Thursday, July 12, 2007

My inaugural address

My fellow Americans, I stand before you today at this podium, after taking that unique and special oath to uphold the Constitution of the United States, behind this seal for the first time, with the growing realization of the burden that is settling on my shoulders and only the slightest understanding of how we, as a nation, are going to get through the interesting times we find ourselves.  We are seemingly besieged on all fronts with frightening and immediate events that are streamed into our lives twenty four hours a day, seven days a week, fifty two weeks a year.  Year after year.  Day after day.  Minute by minute coverage of the latest and greatest threat that can kill, hurt, maim, destroy, or shatter your world in all ways imaginable. 

There are armies of soldiers hidden in the shadows trying to kill our brothers, sisters, mothers, fathers, sons, daughters, and friends in far away lands.  They are striving to attain an elusive goal that seems to slip through their fingers each time the seem close to achieving victory, not unlike desert sand.  We worry for them and are afraid for their safety.

There are armies of poor, downtrodden immigrants marching on our own borders speaking a language we don’t understand, living a lifestyle we cannot comprehend, and doing work we cannot imagine doing.  We don’t know who they are.  We cannot number them.  We cannot understand them.  We cannot, it seems, stop them.  We don’t know who is coming over in the tides, whether they be just workers of fields and construction, or whether they be workers of iniquity and darkness.  We simply do not know, and we are afraid.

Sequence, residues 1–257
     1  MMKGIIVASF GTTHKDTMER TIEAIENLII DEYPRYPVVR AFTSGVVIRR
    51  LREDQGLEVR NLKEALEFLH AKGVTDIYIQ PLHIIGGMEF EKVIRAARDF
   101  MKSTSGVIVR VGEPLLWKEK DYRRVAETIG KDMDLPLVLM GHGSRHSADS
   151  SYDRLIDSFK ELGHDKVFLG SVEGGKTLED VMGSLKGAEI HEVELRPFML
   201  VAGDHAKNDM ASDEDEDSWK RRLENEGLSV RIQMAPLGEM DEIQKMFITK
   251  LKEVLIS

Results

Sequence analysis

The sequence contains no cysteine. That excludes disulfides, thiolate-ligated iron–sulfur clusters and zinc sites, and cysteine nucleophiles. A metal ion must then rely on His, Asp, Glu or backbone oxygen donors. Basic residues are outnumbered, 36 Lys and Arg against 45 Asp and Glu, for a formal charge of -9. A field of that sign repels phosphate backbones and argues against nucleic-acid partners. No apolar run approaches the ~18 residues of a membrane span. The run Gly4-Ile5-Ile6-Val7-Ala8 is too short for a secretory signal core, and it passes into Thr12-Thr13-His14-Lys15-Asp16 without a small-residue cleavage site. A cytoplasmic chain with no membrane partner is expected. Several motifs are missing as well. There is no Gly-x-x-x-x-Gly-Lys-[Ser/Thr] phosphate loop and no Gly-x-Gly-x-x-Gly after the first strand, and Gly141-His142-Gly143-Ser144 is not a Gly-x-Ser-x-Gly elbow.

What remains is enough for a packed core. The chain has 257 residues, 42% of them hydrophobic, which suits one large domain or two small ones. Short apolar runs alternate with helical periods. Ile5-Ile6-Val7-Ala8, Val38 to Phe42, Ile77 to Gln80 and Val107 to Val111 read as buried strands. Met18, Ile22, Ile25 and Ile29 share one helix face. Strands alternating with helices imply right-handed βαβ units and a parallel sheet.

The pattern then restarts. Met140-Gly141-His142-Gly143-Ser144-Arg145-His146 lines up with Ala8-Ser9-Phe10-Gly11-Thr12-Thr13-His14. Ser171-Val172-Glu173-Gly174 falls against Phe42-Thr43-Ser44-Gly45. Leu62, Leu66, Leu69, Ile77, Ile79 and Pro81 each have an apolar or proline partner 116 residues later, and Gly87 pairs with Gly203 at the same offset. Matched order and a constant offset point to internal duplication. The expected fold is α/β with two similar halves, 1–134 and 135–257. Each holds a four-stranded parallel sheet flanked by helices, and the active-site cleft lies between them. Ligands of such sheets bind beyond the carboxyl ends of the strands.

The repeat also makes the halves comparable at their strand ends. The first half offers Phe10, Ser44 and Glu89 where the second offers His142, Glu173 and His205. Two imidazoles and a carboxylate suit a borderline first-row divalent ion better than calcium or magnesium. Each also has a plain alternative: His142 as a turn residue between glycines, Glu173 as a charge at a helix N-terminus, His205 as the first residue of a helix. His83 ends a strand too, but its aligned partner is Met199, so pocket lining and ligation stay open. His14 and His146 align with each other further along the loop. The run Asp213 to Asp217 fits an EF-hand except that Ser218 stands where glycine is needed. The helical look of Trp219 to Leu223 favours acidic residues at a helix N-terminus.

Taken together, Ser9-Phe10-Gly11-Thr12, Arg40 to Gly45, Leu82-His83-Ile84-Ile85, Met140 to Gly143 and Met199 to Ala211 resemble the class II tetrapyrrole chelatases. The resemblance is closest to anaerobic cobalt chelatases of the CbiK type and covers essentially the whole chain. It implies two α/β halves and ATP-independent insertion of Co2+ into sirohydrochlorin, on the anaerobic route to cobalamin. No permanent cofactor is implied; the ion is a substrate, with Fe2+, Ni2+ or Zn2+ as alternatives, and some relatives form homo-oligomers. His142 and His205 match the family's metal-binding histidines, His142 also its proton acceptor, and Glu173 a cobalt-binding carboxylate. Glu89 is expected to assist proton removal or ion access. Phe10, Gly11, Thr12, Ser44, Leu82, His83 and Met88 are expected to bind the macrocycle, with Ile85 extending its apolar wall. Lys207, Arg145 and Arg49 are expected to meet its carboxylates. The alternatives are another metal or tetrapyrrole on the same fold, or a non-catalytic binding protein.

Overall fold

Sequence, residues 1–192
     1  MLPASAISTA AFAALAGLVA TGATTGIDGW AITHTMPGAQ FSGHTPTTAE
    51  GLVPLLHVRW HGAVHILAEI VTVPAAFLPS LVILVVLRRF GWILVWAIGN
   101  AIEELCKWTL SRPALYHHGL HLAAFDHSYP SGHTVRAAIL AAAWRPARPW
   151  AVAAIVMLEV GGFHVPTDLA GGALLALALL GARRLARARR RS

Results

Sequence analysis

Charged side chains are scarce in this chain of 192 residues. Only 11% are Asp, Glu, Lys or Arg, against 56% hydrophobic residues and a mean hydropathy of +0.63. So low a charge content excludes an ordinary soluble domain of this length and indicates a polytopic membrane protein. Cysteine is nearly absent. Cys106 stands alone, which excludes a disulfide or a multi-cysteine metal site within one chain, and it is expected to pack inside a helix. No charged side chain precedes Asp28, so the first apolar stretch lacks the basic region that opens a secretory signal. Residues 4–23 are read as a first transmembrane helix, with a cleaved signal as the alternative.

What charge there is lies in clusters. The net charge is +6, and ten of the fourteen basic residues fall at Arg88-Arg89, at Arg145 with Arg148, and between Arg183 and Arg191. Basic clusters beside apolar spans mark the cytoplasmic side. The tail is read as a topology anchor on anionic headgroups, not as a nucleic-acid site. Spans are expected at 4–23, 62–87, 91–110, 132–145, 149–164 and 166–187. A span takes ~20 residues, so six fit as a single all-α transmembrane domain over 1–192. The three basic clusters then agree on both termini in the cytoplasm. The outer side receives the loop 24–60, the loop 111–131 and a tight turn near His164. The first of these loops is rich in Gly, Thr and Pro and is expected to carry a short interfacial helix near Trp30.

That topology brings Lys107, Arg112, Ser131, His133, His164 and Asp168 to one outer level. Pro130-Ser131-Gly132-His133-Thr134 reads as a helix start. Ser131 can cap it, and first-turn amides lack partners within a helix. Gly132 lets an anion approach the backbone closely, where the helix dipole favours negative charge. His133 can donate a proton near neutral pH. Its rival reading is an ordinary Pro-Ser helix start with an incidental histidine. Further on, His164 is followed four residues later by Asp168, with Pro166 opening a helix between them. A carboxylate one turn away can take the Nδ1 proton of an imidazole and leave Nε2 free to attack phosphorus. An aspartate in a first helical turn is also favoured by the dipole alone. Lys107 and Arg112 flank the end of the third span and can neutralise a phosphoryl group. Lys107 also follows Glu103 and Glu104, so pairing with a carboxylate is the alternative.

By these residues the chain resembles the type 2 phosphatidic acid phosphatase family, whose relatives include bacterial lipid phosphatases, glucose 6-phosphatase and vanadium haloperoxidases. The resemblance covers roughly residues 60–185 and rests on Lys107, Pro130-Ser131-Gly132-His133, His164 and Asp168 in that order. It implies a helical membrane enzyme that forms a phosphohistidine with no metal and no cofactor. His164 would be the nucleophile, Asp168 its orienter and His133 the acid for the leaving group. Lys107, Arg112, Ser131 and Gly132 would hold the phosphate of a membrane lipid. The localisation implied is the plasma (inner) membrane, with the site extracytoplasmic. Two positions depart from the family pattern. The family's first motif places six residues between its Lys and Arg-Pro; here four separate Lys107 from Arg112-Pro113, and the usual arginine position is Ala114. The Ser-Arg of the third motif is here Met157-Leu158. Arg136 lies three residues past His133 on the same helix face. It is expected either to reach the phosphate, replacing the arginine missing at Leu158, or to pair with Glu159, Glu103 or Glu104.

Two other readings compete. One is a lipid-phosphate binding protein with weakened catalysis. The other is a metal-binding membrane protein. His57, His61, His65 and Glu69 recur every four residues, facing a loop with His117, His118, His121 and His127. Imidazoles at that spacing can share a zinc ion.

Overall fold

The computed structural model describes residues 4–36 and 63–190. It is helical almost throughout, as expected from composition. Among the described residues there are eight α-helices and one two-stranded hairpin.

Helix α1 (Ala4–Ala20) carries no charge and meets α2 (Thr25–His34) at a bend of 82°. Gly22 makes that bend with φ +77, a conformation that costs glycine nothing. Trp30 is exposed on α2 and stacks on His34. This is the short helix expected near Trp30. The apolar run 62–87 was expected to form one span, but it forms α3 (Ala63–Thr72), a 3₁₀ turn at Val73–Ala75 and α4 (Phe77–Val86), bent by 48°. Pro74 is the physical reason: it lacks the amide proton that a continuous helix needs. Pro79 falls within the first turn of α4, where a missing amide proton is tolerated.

There is crime on our own city streets.  Crime across town that is brought to your living room nightly which makes it seem that your own sanctuary is right in the midst of the storm.  “If it can happen there and it’s so close to here, maybe it can happen here, too” you think to yourselves.  We are nervous.  We are afraid for our own safety.

Your own federal government, is seemingly spending itself recklessly into oblivion.  What of the promises we’ve made to future generations?  What of the promises we’ve made to this generation?  Medicare, mecidaid, social security, basic safety standards on the transportation networks and food supplies, guarantees for the citizenry against abuses by the corporations, guarantees for the powerless against the demands of the powerful; these are only some of the promises we’ve made to our own citizens.  Then there are the promises we’ve made to citizens all across the globe.  Citizens of the United States, not in fact, but in spirit.  All those across the world who yearn to live and die as free men and women.  Who yearn to accomplish their potential.  Is your federal government living up to those promises?  Will that government be able to deliver the goods on those promises to future generations?  Has the government of these United States turned away from the understanding in our own founding documents that ALL persons are endowed with basic human rights of life, liberty, and the pursuit of happiness?  We are nervous.  We are afraid for our future and the future of our kinsmen across the globe.